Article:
May 2005
Volume 46, Issue 13
Free
ARVO Annual Meeting Abstract  |   May 2005
Protective Effect of Pituitary Adenylate Cyclase–Activating Polypeptide (PACAP) on Kainic Acid – Induced Neurotoxicity in the Rat Retina
Author Affiliations & Notes
  • T. Seki
    Ophthalmology, Kozawa Eye Hospital Eye Research Center, Mito, Japan
    Anatomy and Ophthalmology,
    Showa University School of Medicine, Tokyo, Japan
  • M. Nakatani
    Bioengineering Institute, Assessment Research, Nidek Co., Ltd., Aichi, Japan
  • Y. Shinohara
    Bioengineering Institute, Assessment Research, Nidek Co., Ltd., Aichi, Japan
  • C. Taki
    Bioengineering Institute, Assessment Research, Nidek Co., Ltd., Aichi, Japan
  • M. Ozawa
    Bioengineering Institute, Assessment Research, Nidek Co., Ltd., Aichi, Japan
  • S. Nishimura
    Bioengineering Institute, Assessment Research, Nidek Co., Ltd., Aichi, Japan
  • S. Shioda
    Anatomy,
    Showa University School of Medicine, Tokyo, Japan
  • Footnotes
    Commercial Relationships  T. Seki, None; M. Nakatani, None; Y. Shinohara, None; C. Taki, None; M. Ozawa, None; S. Nishimura, None; S. Shioda, None.
  • Footnotes
    Support  None.
Investigative Ophthalmology & Visual Science May 2005, Vol.46, 164. doi:
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      T. Seki, M. Nakatani, Y. Shinohara, C. Taki, M. Ozawa, S. Nishimura, S. Shioda; Protective Effect of Pituitary Adenylate Cyclase–Activating Polypeptide (PACAP) on Kainic Acid – Induced Neurotoxicity in the Rat Retina . Invest. Ophthalmol. Vis. Sci. 2005;46(13):164.

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      © ARVO (1962-2015); The Authors (2016-present)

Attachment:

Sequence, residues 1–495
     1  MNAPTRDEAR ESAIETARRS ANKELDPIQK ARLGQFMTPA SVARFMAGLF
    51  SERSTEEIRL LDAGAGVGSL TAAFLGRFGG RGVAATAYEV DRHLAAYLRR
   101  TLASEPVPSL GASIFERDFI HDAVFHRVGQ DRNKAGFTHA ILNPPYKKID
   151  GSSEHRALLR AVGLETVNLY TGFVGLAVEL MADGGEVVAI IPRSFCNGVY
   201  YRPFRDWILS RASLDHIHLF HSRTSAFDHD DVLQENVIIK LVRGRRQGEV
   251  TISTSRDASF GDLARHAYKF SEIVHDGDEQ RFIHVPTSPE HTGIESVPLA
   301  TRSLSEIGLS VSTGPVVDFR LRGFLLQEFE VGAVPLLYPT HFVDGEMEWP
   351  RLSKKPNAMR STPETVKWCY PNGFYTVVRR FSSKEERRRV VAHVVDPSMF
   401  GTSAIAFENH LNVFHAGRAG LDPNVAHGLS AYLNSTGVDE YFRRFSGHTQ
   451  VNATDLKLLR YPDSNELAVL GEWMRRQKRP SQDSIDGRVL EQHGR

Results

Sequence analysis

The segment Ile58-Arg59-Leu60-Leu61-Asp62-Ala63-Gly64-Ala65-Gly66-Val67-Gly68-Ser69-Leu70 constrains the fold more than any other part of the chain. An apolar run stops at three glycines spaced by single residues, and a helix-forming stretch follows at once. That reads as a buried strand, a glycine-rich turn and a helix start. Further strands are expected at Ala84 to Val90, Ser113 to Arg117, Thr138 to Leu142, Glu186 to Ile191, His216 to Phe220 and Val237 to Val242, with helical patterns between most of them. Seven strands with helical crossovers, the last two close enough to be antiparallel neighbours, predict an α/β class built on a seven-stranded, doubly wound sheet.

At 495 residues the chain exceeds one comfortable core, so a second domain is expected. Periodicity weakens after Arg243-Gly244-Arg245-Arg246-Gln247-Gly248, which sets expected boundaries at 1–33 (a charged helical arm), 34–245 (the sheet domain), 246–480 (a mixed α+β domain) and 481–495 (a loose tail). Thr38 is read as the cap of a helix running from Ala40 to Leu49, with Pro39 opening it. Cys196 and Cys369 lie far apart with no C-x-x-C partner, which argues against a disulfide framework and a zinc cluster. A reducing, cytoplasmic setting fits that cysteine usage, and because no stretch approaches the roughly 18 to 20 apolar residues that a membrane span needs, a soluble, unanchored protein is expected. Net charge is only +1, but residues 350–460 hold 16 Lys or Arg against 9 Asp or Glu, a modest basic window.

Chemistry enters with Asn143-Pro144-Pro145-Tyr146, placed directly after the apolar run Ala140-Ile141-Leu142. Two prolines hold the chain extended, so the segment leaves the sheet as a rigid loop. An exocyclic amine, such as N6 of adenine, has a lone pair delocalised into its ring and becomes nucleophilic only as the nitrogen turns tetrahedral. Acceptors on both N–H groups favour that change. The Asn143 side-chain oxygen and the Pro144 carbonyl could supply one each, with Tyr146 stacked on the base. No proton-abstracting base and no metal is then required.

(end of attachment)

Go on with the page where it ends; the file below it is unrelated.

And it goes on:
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Abstract

Abstract: : Purpose: To determine if pituitary adenylate cyclase–activating polypeptide (PACAP) has any neuroprotective effects against kainic–acid (KA)–induced retinal damage. Methods: In adult Wistar rats, either PACAP 38 (10 pmol) or saline only was injected into the vitreous body 2 days before or concurrently with KA (5 nmol) injection. In another group, 100 nmol of 6–cyano–7–nitroquinoxaline–2,3–dione (CNQX), a non–N–methyl–D–aspartate receptor antagonist, was co–injected with KA as a positive control . KA–induced neuronal damage was evaluated at 7 days after KA injection by determining phosphorylated neurofilament heavy chain subunit (pNF–H) contents in the retina and optic nerve (ON) extract by the enzyme–linked immunosorbent assay (ELISA) system we previously reported. Expression and localization of interleukin–6 (IL–6) in the retinal cross–section was assessed by immunohistochemistry at 6 hours, 1, 2, 3 and 7 days after PACAP 38 (10 pmol) treatment. Results: Pre–treatment with PACAP 38 significantly inhibited the loss of pNF–H content in the retina compared to the saline–treated control (p < 0.01). However, PACAP 38 co–injected with KA caused no significant changes in either retina or ON, while CNQX treatment almost completely inhibited KA–induced damages. In the immunohistochemical study for IL–6, positive radial stainings throughout the retina (presumably Muller cells) were observed as early as 2 days after treatment, and maximum immunoreactivities were observed at 2 and 3 days after PACAP 38 treatment. Conclusions: Exogeneous PACAP 38 is likely to protect inner retinal cells from KA–induced neuronal damage, and its protective effect may involve IL–6 expression in Muller cells.

Keywords: cytoskeleton • neuropeptides • neuroprotection 
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